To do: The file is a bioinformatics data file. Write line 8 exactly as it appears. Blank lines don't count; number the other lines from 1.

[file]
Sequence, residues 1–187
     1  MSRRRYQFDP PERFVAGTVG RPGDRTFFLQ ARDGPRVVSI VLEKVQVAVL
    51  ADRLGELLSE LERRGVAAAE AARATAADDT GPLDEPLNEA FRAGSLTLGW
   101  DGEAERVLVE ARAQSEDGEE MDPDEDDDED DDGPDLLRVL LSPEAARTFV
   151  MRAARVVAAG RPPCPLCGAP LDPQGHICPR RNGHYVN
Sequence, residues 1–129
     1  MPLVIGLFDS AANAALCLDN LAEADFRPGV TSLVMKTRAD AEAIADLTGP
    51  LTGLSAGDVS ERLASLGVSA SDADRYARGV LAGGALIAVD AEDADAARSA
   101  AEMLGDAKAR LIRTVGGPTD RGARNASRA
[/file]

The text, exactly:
    51  LTGLSAGDVS ERLASLGVSA SDADRYARGV LAGGALIAVD AEDADAARSA